Video | Business Headlines | Internet | Science | Scientific Ethics | Technology | Search

 


Ecstasy and Alcohol Cause Serious Problems During Pregnancy


UC Study Provides First Evidence Ecstasy and Alcohol Cause Serious Problems During Pregnancy

May 21, 2013

A University of Canterbury (UC) psychology researcher has identified the first direct evidence that combined use of ecstasy and alcohol during pregnancy causes brain damage.

The UC study indicated simultaneous use of alcohol and ecstasy during pregnancy may cause brain abnormalities that are more severe than those observed when either drug is taken alone.

``The use of drugs during pregnancy poses serious health risks for pregnant women and their babies, who may be born premature, exhibit birth defects and develop behavioural and learning disabilities,’’ Dr Juan Canales says.

``In New Zealand about 21 percent of the population aged 15 to 45 years old have tried party pills and eight percent have used ecstasy. Its use has increased significantly among young adults, many of whom concurrently use other substances such as cannabis, cigarettes and alcohol.

``The use of ecstasy has been reported among pregnant women, who typically show a significantly higher use of alcohol and binge drinking during pregnancy compared to women not exposed to the drug.

``The simultaneous use of ecstasy and other drugs, especially alcohol, is a cause of concern due to the potential exacerbation of psychiatric and cognitive impacts. These risks are particularly elevated in pregnant women due to the high potential for harmful effects of multi-drug exposure to the fetus.

``To understand the consequences of abusing ecstasy and alcohol during the pregnancy we used an animal model of binge drug taking with moderate doses of alcohol and ecstasy that can be translated realistically to human dosing.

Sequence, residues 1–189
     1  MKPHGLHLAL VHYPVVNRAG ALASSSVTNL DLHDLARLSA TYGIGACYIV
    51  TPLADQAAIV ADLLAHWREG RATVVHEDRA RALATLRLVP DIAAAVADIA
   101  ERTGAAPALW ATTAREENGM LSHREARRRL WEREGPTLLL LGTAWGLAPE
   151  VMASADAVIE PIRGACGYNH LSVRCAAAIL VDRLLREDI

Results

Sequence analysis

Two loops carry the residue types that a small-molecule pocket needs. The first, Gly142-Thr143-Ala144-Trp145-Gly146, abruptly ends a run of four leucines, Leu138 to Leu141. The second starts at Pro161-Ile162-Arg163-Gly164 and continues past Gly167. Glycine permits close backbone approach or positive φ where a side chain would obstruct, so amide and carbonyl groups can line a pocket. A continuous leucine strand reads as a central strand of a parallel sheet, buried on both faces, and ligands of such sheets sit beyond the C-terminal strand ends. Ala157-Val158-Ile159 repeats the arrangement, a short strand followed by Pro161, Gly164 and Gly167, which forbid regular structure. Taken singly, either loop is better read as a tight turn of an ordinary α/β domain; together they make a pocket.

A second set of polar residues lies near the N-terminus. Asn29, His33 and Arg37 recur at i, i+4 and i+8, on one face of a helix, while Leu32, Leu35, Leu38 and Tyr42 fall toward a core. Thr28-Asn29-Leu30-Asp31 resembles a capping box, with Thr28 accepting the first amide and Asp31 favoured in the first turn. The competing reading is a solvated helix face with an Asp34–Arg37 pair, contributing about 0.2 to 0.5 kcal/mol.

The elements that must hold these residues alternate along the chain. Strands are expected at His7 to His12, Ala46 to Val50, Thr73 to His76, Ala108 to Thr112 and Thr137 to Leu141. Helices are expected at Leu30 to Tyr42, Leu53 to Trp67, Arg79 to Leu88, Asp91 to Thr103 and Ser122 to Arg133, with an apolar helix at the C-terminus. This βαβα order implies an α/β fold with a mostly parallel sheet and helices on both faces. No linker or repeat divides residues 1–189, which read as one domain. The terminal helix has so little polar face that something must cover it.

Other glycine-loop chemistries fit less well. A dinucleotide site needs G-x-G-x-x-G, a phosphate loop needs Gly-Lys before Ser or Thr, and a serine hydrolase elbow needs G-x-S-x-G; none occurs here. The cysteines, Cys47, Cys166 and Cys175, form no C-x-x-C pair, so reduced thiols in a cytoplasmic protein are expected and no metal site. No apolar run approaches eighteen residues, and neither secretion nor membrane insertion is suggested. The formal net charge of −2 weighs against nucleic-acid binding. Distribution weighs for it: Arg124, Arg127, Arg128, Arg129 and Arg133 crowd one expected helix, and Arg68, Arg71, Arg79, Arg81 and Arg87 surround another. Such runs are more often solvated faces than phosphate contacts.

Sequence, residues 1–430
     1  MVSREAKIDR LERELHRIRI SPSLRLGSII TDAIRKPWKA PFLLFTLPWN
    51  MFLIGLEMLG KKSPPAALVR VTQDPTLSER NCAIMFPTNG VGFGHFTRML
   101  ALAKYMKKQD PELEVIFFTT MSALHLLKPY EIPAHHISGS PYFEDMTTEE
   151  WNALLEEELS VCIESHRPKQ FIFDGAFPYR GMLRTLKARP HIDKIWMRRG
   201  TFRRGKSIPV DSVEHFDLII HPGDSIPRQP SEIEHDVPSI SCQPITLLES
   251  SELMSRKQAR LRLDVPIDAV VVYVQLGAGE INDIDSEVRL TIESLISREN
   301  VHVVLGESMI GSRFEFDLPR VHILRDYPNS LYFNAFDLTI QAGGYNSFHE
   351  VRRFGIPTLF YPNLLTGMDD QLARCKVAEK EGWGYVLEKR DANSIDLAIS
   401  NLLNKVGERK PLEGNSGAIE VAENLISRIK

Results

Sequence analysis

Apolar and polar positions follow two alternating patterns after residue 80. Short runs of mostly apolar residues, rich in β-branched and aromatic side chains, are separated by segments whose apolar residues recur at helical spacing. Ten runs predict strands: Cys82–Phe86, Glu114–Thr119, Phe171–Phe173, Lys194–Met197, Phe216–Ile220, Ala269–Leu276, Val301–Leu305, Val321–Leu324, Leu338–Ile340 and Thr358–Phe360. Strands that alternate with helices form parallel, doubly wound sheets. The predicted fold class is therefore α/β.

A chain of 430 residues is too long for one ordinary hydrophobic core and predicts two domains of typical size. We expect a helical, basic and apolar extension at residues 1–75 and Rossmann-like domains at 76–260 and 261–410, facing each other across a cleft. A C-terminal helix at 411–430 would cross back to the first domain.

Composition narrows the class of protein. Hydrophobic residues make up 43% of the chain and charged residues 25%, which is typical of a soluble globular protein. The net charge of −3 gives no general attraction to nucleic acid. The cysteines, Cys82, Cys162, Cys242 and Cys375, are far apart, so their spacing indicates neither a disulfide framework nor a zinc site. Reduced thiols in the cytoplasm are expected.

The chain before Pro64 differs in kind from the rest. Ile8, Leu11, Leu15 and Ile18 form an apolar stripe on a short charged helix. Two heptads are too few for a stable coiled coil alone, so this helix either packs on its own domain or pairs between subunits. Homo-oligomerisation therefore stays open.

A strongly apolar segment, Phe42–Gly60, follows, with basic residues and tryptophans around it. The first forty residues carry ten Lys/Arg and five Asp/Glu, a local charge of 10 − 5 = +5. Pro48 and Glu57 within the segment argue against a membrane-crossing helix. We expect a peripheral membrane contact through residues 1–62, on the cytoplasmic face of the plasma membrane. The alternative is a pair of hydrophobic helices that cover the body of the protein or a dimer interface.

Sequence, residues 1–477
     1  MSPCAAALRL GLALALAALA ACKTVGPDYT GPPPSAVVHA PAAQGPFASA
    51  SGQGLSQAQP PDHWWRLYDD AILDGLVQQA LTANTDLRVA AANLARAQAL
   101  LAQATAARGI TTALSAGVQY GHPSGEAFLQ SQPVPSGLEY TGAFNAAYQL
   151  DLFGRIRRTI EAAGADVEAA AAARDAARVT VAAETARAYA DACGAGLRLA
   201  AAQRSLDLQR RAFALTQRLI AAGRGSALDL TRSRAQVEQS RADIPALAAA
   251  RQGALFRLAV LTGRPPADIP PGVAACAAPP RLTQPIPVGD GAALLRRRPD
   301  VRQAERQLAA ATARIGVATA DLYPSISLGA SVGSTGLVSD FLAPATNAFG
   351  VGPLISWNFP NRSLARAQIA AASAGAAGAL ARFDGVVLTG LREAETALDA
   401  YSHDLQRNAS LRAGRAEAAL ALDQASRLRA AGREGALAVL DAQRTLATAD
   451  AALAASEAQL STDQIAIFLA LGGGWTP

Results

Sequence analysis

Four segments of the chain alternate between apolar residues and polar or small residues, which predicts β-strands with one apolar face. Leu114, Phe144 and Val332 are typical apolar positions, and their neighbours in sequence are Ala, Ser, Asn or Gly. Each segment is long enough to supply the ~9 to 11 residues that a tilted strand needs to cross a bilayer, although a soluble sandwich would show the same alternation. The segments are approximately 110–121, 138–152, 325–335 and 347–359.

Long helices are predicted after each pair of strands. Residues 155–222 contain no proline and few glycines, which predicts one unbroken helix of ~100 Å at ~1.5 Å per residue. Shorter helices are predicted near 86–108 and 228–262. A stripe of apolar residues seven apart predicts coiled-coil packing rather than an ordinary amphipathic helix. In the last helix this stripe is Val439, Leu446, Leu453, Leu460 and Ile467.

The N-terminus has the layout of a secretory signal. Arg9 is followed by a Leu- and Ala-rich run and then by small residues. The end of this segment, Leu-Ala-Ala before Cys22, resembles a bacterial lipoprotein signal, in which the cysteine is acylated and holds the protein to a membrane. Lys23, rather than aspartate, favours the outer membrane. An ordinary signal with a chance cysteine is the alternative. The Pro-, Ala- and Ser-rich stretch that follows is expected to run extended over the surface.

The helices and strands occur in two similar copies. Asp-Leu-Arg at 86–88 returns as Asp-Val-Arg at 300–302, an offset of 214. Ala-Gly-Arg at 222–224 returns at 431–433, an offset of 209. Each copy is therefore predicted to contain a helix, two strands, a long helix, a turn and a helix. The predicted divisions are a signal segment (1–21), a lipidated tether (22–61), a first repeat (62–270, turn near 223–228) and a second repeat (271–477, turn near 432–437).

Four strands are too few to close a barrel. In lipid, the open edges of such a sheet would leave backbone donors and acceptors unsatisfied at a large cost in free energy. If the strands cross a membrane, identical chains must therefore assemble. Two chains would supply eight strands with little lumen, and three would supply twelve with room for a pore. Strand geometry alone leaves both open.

``We studied the brains and behaviour of female rats that were exposed to the drugs while in the womb. At three months of age the females exposed prenatally to ecstasy and alcohol showed decreased exploratory activity, impaired memory function and decreased production of new neurons in a part of the brain that is important for learning and memory.

``These effects were minimal in subjects exposed to only one of the drugs, suggesting that the mixing of drugs can have very negative consequences,’’ Dr Canales says.

A New Zealand alcohol and drug use survey recently found one in four women had consumed alcohol while pregnant. This represented 73,000 women who had drunk alcohol while pregnant from an estimated 254,200 women who had been pregnant over a three year period.

ENDS

© Scoop Media

 
 
 
 
 
Business Headlines | Sci-Tech Headlines

 

Strike: Lyttelton Port Workers Vote To Escalate Dispute

Members of the Rail and Maritime Transport Union (RMTU) at Lyttelton Port today voted to escalate their industrial action. Around 200 RMTU members have been operating an overtime ban since 17 December and today they endorsed a series of full withdrawals of labour at the port. More>>

ALSO:

Scoop Business: NZ Dollar Falls To 3-Year Low As Investors Favour Greenback

The New Zealand dollar fell to its lowest in more than three years as investors sold euro and bought US dollars, weakening other currencies against the greenback. More>>

ALSO:

Scoop Business: NZ Govt Operating Deficit Smaller Than Expected

The New Zealand’s government’s operating deficit was smaller than expected in the first five months of the financial year as a clampdown on expenditure managed to offset a shortfall in the tax-take from last month’s forecast. More>>

ALSO:

0.8 Percent Annually:
NZ Inflation Falls Below RBNZ's Target

New Zealand's annual pace of inflation slowed to below the Reserve Bank's target band in the final three months of the year, giving governor Graeme Wheeler more room to keep the benchmark interest rate lower for longer.More>>

ALSO:

NASA, NOAA: Find 2014 Warmest Year In Modern Record

Since 1880, Earth’s average surface temperature has warmed by about 1.4 degrees Fahrenheit (0.8 degrees Celsius), a trend that is largely driven by the increase in carbon dioxide and other human emissions into the planet’s atmosphere. The majority of that warming has occurred in the past three decades. More>>

ALSO:

Scoop Business: New Zealand’s Reserve Bank Named Central Bank Of The Year

The Reserve Bank of New Zealand’s efforts to stifle house price inflation by using new policy tools has seen the institution named Central Bank of the year by Central Banking Publications, a publisher specialising in global central banking practice. More>>

ALSO:

Get More From Scoop

 
 
Standards New Zealand

Standards New Zealand
 
 
 
 
 
 
 
 
Sci-Tech
Search Scoop  
 
 
Powered by Vodafone
NZ independent news